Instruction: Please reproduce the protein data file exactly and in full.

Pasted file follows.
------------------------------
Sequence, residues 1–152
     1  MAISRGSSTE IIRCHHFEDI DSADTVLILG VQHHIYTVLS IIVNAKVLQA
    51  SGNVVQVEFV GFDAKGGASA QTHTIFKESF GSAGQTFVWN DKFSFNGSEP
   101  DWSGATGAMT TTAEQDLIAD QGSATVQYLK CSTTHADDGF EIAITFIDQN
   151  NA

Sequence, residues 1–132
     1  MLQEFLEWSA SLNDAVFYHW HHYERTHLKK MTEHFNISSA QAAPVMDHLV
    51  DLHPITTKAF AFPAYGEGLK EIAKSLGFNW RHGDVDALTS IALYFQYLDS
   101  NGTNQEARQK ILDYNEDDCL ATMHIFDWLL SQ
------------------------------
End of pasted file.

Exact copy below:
Sequence, residues 1–152
     1  MAISRGSSTE IIRCHHFEDI DSADTVLILG VQHHIYTVLS IIVNAKVLQA
    51  SGNVVQVEFV GFDAKGGASA QTHTIFKESF GSAGQTFVWN DKFSFNGSEP
   101  DWSGATGAMT TTAEQDLIAD QGSATVQYLK CSTTHADDGF EIAITFIDQN
   151  NA

Sequence, residues 1–132
     1  MLQEFLEWSA SLNDAVFYHW HHYERTHLKK MTEHFNISSA QAAPVMDHLV
    51  DLHPITTKAF AFPAYGEGLK EIAKSLGFNW RHGDVDALTS IALYFQYLDS
   101  NGTNQEARQK ILDYNEDDCL ATMHIFDWLL SQ